Wednesday, March 15, 2017

Show me what it looks like

The door opens and lets in the wintry air.  Shy individuals walk into the large room, the struggling families, the small children, war-torn fathers, grieving mothers, young adult men and women who have known nothing but living in displacement camps, indeed many of them born there.  They troop through the doors of the clinic for their initial health screening in this country.  To them, they expect just another clinic, the lines, the long waiting, the grey strangeness, the enduring, the impersonal --the things they have come to face living as a refugee, without a familiar place, without a home, and treated too many times as a person, it seems, without a name.

I see it on their faces as they enter the reception room.  They see the tables and the molded plastic chairs.  They already look tired.  And it is only 8 in the morning.

But there is something different here.  A gentleness, a peace, some have said, a place where everyone is welcomed by name.

The room is crowded with the senses -- the colors, the smell of weary travelers, the flowing scarves, Hello Kitty t-shirts, new shoes that don't quite fit, many languages blending into a symphony, and here in this place, kindness is the main interpreter.

I have come to love Monday mornings when I volunteer at the refugee clinic.  These people from many nations around the globe have suffered so incredibly much.  They are easy to love.  I am not a medical professional like so many others here who are volunteering their time.  I only weigh these new friends and mark down their height.  And I check their eyes, using a chart taped to the wall 20 feet away from a blue line on the tiled floor.

Because of the language barriers, the many different alphabets and unfamiliar letters, we use a chart where our friends can simply point in the direction of the figure:  to the right, down, up, to the left.  No reading is necessary, no speech, just pointing... until they hesitate just a bit where the figures suddenly fade into just a grey line.

Image result for snellen eye chart

Some use large sweeping motions with their arms to point in the appropriate direction, some just subtly tilt the palms of their hands , and the shy ones, use a barely perceptible index finger pointing in the right direction.

Some refugees are familiar with the procedure, having done it before. For many, the interpreters give instructions.  And for others, well, a lot of instruction can be communicated simply by hand signals and smiles.

Yesterday, a shy little six-year-old girl from the Congo stood on the blue line.  I indicated for her to cover one eye.  And then, I pointed to the figure at the top of the chart.  It was obvious that she had no idea what this was and what to do.  I asked an interpreter to give her some instruction.  He spoke to her.  We tried again.  She did not understand. The chart meant nothing to her. The translator spoke to her again, this time a little louder. He was frustrated and ready to give up on her.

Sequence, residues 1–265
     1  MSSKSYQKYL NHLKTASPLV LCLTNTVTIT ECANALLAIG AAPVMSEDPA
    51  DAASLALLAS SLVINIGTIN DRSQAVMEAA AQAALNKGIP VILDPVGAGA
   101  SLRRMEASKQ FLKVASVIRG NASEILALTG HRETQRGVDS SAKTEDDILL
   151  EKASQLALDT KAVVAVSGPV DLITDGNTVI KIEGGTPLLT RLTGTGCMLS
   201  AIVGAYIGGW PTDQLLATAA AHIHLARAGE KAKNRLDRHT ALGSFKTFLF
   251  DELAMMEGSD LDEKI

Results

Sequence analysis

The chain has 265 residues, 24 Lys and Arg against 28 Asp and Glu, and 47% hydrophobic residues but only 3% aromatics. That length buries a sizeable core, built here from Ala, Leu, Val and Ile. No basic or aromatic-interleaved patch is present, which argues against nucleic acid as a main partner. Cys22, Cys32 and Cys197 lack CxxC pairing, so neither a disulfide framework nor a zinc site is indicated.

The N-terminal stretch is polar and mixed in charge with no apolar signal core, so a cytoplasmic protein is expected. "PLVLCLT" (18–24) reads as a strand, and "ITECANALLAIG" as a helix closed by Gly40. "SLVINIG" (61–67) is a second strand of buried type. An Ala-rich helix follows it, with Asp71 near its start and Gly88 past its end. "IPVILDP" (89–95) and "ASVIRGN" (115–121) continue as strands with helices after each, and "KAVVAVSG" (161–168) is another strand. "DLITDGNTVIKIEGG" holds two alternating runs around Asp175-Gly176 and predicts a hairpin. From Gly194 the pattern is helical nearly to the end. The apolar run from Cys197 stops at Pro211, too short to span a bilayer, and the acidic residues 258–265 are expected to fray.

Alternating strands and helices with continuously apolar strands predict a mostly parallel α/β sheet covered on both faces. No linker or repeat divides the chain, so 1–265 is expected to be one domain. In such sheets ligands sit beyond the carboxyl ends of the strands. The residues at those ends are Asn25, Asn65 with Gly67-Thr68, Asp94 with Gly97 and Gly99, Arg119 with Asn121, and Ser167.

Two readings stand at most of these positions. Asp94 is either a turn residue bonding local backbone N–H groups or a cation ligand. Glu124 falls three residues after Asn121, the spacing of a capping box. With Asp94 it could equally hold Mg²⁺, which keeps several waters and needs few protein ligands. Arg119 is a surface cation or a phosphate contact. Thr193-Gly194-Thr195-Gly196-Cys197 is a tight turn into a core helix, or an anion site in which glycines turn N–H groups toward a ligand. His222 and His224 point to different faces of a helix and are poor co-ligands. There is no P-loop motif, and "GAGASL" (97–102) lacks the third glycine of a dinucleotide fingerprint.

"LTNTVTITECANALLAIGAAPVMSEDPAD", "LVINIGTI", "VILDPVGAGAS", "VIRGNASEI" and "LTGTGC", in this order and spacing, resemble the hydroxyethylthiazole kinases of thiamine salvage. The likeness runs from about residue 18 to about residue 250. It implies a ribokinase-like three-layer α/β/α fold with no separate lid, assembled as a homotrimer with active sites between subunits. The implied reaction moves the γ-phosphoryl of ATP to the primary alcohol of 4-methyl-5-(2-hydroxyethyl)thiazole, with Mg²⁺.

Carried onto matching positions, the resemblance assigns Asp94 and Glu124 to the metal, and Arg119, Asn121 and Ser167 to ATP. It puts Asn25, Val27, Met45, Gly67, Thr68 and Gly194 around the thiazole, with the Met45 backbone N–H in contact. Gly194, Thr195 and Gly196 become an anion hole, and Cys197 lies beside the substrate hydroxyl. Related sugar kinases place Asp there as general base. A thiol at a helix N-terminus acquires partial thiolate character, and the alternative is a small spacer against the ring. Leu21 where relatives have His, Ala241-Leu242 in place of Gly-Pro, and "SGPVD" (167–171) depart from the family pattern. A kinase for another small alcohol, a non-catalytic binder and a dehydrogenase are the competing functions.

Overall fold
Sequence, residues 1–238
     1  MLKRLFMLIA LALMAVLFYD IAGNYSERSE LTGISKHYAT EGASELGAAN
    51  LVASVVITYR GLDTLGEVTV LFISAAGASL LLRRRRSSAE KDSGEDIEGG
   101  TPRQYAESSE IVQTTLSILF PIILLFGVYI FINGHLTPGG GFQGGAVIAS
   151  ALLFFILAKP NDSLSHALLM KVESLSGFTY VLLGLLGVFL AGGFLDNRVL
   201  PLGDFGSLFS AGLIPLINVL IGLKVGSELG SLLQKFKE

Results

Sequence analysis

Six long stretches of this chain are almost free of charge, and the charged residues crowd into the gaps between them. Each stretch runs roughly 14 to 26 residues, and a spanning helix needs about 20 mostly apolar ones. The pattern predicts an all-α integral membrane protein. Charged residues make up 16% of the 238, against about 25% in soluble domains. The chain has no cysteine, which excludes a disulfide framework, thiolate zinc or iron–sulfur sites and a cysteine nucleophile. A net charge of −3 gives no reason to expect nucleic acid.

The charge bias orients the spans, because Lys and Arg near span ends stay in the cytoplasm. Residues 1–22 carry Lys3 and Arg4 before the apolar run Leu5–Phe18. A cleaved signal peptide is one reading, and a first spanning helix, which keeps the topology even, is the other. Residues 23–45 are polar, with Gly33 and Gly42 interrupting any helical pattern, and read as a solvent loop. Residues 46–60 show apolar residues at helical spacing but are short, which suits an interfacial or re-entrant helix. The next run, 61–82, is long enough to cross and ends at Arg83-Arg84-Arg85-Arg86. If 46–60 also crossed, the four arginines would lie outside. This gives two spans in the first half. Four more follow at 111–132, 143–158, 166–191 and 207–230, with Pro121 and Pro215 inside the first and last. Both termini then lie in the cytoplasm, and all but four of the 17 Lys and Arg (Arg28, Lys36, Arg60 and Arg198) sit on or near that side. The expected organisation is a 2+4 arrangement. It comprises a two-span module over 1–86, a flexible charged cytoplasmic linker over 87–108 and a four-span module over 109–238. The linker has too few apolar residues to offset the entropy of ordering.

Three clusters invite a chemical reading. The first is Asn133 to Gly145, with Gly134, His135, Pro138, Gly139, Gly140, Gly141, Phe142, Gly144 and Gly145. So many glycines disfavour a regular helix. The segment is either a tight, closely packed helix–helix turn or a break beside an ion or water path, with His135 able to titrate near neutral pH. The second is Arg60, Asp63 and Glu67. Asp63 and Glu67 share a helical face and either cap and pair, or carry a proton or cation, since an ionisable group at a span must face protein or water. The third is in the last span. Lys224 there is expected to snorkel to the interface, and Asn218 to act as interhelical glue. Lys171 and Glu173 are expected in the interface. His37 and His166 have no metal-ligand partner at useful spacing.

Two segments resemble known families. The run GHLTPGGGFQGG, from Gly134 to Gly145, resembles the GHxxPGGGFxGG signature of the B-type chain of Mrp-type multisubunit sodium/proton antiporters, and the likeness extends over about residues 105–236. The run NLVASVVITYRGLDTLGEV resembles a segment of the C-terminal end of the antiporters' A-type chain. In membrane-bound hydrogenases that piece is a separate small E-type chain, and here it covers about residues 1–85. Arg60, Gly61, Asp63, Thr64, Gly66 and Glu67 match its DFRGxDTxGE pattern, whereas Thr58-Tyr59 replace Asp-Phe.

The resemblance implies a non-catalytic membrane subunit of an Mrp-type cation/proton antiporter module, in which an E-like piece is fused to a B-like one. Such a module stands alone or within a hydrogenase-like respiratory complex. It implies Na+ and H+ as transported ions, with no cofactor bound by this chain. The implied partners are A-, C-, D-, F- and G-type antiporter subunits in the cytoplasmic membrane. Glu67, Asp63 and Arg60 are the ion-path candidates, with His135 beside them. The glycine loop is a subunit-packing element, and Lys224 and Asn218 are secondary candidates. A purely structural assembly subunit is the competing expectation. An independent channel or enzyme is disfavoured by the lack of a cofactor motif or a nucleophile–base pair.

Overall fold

"Perhaps," I suggested, "perhaps, if she watches someone else do it, she will understand -- if someone can not just tell her, but show her what it looks like."  The interpreter motioned for her brother who was a year or two older to stand on the line with his sister beside him.

The boy had already watched his father take the eye test.  And this little boy marched right through, pointing like he was a general, directing his troops.

He finished.  And the little girl took her turn, now easily pointing her way through the chart.  She understood.  She just needed to see how it was done.  The directions were, in a sense, translated into a language she could see and understand.  It was like a light bulb had turned on in her head.  "Oh, so that is what it looks like."

And I thought about so many people around me to whom the name Jesus means nothing to them, and Christianity is just another religion, a different culture, and even something it is not.  They don't understand my worldview any more than a chart of figures that doesn't make sense or spell out words at all.  They don't understand the radical grace of God that Jesus came to reveal.  It is like a foreign language to them. 

All I have to do is stand next to them and stand with them to show what the gospel looks like, revealed in what I do, in kindness, gentleness and grace.  It comes from Christ and how He has changed me.  What love is.  Who God is.

Speak the gospel in words, with the Word, in stories, and in kindness.
But show the gospel, what the love of Jesus looks like, not just in deeds, but by loving others.

 "Show me what it looks like."

when did we see You hungry and feed You,
or thirsty and give You drink?
And when did we see You a stranger
                      and welcome you,
or naked and clothe You?
And when did we see You sick
     or in prison and visit You?"
And the King will answer them,
"Truly, I say to you,
as you did it to one
of the least of these My brethren,
         you did it to Me."

                   Matthew 25. 37-40

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